Study Guide

The Reivers Writing Style

By William Faulkner

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Writing Style


Gather 'round and lend us your ears. This is a narrative, or a string of events that make up a story. And boy, what a good story this is.

The action really kicks off when Grandfather's Winton Flyer rolls into town. Lucius says of the car, "[Grandfather] bought the automobile, and Boon found his soul's lily maid" (2.22). When the vehicle enters the narrative, it brings along with it fascination, temptation, and a call to adventure, much like the white whale in Moby-Dick and the shark in Jaws.

As the story's narrator, Lucius details the events that follow exactly as they happened back in 1905. And he spares no detail. When the crew tries to sneak Lightning onto the boxcar, for example, he describes everything. "That's what we did. Though first Sam had to see the horse. He came in the back way, through the kitchen, carrying the horse blanket. He was in uniform. He was almost as big as Boon." And so on.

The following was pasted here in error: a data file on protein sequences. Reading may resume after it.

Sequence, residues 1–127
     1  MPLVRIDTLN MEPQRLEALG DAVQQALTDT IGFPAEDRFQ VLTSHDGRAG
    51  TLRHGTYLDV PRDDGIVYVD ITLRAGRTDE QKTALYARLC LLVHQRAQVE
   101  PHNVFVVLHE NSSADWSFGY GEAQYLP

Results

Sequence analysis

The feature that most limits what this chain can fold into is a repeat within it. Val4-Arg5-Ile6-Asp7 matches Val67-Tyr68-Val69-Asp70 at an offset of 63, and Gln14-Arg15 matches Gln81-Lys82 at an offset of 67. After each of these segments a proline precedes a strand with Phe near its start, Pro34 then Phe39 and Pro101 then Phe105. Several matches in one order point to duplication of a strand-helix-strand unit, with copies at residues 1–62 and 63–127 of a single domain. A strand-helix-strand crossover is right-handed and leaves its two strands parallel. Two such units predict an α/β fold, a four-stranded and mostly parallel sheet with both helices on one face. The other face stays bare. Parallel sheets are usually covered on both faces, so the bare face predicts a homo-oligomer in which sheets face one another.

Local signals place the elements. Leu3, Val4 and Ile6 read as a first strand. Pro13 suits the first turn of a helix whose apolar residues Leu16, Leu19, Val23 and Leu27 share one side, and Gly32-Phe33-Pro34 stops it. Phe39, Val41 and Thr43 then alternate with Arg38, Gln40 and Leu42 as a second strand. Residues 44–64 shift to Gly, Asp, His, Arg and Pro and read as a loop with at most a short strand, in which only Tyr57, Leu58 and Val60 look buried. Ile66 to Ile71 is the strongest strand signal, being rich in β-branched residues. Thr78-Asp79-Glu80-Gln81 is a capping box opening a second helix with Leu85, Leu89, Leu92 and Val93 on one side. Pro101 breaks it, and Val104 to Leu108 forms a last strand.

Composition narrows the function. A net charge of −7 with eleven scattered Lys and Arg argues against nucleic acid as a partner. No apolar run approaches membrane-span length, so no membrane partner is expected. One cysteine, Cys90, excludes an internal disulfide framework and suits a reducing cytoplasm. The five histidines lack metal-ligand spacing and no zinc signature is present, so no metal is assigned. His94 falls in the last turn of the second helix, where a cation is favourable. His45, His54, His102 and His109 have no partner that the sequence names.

Lucius's descriptions make us like flies sitting on the wall, watching every little thing, since he's placed us right up front and close to the action.

Faulkner originally entitled the narrative A Reminiscence. It's a narrative that captivates our attention with its childhood excitement, but it also delivers a mature analysis that only an adult narrative could offer. Lucius's narrative is not wholly naïve and ignorant in its delivery, for adult-Lucius is well aware the role his innocence played at the time of the story's events.

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